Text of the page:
Dying to My Old Self: A Eulogy

Feb 28, 2018

I’ve spent a lifetime pursuing emotional and spiritual wholeness, and I’ve come to learn that it’s pretty near impossible to find that kind of life without first experiencing death. No one likes death and dying, but they are necessary processes to get rid of the old and bring in the new. Like the seed that has been dried out and buried beneath the earth, we too must submit to the practice of allowing our unhealthy, ungodly selves to desiccate and die, so that a new, vibrant life can spring forth.

I wish this was a one-and-done process. But as we go further in our pursuit, we must delve deeper. Deeper to uncover hidden lies, hidden sins. Deeper to experience deeper levels of healing and new life. So as we peel back each layer, we view it in the light of Jesus, and whatever does not hold up under his light must then be put to death. I had such an occasion recently, after uncovering some deeply entrenched beliefs that were rooted in lies and painful experiences. These lies were so big and powerful, I gave them a mock-funeral to mark their passing.

With guidance from my skilled and compassionate therapist, I wrote down the things I was dying to on strips of paper, and sealed them inside a small box. I placed the box in the fire pit, and set it ablaze. As the box was consumed (Disco Inferno playing softly in the background), I read my own eulogy:

Today, we say goodbye to the old Michelle. She was a nice girl, but she was a slave to her emotions, and ultimately, that’s what did her in.

Though she knew much, she just could never fully grasp who she really was, or how her Father loved her.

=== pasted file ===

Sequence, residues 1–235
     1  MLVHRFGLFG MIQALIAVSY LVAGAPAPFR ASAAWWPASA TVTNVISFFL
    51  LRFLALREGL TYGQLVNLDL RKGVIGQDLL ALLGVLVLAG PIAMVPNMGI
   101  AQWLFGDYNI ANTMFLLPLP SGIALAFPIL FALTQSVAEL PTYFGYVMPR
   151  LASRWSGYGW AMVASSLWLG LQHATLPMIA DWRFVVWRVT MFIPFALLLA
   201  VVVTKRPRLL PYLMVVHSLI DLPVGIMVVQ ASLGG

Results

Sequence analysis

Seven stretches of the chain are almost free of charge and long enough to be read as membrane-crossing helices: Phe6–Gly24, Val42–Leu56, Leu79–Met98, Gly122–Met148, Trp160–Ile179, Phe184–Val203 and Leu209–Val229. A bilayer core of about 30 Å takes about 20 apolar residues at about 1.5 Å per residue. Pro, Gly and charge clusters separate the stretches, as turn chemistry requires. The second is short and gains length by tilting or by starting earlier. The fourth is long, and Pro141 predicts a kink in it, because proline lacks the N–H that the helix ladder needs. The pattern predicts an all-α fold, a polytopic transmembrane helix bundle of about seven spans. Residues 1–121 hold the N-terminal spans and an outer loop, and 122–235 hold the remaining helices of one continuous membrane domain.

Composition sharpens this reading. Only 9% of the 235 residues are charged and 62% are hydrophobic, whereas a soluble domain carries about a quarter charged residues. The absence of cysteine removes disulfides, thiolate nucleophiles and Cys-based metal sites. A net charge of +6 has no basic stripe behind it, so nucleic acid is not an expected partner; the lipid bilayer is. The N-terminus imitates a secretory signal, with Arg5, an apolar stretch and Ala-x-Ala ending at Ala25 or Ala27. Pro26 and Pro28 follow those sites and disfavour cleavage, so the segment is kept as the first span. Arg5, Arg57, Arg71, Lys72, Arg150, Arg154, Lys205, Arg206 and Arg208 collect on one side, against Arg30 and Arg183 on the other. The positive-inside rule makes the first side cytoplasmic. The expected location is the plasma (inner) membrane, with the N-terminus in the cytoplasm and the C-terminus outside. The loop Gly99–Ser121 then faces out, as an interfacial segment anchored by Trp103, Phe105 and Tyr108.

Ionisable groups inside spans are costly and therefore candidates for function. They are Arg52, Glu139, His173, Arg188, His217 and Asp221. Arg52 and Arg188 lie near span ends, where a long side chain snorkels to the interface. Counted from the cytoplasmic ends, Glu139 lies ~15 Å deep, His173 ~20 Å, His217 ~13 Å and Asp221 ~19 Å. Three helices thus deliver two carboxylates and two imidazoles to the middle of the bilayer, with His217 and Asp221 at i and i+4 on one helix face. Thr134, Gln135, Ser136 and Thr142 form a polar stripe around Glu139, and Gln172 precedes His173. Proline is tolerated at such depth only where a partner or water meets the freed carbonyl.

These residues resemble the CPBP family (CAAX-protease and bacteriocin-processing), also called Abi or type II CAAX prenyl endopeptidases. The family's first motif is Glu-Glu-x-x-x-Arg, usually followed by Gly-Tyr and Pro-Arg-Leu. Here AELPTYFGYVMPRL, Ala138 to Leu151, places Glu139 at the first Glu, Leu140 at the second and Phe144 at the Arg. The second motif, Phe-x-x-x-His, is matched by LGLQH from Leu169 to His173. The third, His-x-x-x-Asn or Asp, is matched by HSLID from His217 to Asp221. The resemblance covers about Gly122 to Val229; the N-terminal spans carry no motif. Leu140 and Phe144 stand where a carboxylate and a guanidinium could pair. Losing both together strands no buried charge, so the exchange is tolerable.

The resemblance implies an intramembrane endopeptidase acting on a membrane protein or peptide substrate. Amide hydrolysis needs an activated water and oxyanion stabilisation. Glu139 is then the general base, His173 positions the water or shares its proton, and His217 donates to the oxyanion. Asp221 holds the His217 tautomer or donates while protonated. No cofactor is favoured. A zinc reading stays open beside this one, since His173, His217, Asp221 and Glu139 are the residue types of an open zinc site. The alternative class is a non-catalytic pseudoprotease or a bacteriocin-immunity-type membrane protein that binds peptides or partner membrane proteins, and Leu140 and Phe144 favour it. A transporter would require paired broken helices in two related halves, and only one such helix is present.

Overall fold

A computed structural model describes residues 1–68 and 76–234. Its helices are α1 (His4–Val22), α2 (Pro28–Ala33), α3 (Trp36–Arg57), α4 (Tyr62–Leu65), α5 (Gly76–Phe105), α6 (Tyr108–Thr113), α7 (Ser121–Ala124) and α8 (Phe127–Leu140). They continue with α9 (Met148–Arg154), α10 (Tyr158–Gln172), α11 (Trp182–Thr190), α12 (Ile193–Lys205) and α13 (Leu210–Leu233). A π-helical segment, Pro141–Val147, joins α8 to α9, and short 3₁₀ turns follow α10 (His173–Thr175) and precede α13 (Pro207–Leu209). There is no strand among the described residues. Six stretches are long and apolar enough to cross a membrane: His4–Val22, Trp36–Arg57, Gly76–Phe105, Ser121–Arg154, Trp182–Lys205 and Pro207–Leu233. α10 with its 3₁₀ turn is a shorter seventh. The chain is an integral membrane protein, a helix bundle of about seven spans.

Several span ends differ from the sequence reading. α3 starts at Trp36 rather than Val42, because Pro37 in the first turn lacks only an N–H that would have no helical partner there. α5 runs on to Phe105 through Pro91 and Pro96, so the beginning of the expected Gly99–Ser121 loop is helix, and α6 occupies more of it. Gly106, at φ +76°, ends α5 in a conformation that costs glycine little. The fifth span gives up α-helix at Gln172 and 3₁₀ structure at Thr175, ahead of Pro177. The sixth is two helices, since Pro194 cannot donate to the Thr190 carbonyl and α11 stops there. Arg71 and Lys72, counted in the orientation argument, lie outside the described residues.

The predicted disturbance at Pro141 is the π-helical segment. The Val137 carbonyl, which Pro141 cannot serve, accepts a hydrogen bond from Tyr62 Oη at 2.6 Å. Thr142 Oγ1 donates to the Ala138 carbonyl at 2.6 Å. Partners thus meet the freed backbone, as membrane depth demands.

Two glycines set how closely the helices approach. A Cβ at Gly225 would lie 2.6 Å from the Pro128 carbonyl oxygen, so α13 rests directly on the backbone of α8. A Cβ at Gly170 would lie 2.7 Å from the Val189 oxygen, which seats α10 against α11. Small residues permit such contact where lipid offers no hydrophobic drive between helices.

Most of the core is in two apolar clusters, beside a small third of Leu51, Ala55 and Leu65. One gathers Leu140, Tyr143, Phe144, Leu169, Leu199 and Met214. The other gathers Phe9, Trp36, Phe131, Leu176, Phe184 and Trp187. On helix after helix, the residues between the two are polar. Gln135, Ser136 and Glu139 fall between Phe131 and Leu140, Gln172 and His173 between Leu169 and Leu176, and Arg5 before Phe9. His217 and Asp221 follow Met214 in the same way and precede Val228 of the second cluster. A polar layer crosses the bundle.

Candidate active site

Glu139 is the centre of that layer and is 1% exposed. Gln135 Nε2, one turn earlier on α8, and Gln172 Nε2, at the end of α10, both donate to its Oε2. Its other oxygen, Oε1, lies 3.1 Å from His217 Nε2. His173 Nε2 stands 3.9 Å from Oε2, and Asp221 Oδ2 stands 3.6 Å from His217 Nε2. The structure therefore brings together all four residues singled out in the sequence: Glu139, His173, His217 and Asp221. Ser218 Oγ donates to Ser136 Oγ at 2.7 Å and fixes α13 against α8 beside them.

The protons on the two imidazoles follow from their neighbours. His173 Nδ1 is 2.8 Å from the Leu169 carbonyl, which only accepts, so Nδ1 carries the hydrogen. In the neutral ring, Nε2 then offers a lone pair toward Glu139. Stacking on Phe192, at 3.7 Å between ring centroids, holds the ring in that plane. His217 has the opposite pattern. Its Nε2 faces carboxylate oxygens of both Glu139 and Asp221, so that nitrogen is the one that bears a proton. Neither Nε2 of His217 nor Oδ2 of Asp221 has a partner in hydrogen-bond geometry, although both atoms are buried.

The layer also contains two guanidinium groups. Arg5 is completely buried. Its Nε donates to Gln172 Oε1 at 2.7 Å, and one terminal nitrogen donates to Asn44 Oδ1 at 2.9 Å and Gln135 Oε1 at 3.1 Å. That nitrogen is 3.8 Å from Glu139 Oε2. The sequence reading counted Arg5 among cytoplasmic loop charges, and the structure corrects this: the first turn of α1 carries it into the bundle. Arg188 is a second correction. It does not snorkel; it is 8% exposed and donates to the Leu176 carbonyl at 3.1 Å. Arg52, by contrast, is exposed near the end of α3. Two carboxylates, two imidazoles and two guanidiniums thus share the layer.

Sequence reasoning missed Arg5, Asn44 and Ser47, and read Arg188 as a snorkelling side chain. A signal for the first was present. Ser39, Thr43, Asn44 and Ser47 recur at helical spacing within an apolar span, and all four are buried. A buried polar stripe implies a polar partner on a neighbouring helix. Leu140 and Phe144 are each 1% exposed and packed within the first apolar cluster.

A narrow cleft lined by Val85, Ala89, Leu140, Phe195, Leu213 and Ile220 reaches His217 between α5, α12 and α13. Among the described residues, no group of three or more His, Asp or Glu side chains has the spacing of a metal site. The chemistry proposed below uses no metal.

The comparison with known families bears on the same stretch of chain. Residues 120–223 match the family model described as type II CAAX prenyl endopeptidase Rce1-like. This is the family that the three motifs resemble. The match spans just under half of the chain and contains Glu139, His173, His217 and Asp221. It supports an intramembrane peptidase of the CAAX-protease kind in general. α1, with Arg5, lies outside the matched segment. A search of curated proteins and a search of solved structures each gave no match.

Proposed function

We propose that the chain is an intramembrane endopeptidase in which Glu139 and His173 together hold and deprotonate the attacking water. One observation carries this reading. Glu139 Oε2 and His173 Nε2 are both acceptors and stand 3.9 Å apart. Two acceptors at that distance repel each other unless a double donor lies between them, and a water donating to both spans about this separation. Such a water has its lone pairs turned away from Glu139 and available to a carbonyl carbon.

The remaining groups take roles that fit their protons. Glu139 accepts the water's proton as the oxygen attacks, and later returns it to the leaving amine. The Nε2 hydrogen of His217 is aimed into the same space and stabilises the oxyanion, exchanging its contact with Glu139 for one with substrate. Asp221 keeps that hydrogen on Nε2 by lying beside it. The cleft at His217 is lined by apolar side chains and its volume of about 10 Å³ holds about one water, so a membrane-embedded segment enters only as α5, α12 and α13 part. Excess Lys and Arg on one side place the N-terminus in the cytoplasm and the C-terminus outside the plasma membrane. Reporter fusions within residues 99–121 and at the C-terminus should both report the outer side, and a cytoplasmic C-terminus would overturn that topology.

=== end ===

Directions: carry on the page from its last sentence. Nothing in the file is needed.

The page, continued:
Her performance-driven coping skills took her pretty far in life, but in spite of her accomplishments and her well-adjusted façade, she was eventually crushed under the weight of her own orphan spirit.

Today, she leaves behind her lifelong companions:




and self-hatred.

She also leaves behind her reactive, unstable mindset,

her secret self-righteousness, and her victim mentality.

Today, we send these things back to the flames from which they arose, and as we say goodbye to the old Michelle, we remember that if she has been united with Christ in the likeness of his death, so shall she also be united with him in the likeness of his resurrection. Knowing this, that her old self has been crucified with him, so that her body of sin might be destroyed, and she should no longer be a slave to sin. For she who has died is freed from sin.

So farewell, old girl, we wait expectantly for the resurrected life of a new Michelle. A life lived fully to the glory of God, with an identity firmly rooted in her adoption by the Father, loving others with her whole heart, even as she is loved by the One who has resurrected her.

And with that, they were gone. Forever, in Jesus’ name. Not that there will never be reminders of those old beliefs. But they are now just ghosts of an old, past life; transparent and seen for what they truly are: lies. For me, this ceremony was not a somber event, but a joyful and lighthearted one–“burn baby, burn” punctuating the pauses between my sentences. That is not to say I didn’t take it seriously. I did. I just was not at all sad to see these parts of me die.

I was grateful.



I am such a big believer in these symbolic actions. For one, they add an extra measure of intentionality to the act of surrendering to Christ and dying to ourselves. Second, they create a memory to file away with the act itself. We forget so quickly what God does in our lives, never mind what we decide to do for him. So that symbolic outward act in conjunction with the inner one creates a sort of Ebenezer within us, a commemoration of God’s help in our lives. We need all the help he has to give, and all the help we can get to remember what he’s accomplished in us.

So what needs dying in you? What layer needs to be peeled back and examined in the light of Jesus’ love and truth? Chances are good that you have something to uncover, waiting to be addressed. And then just like that, it can be surrendered and put to death, so a new, resurrected you can emerge.

Burn baby, burn.



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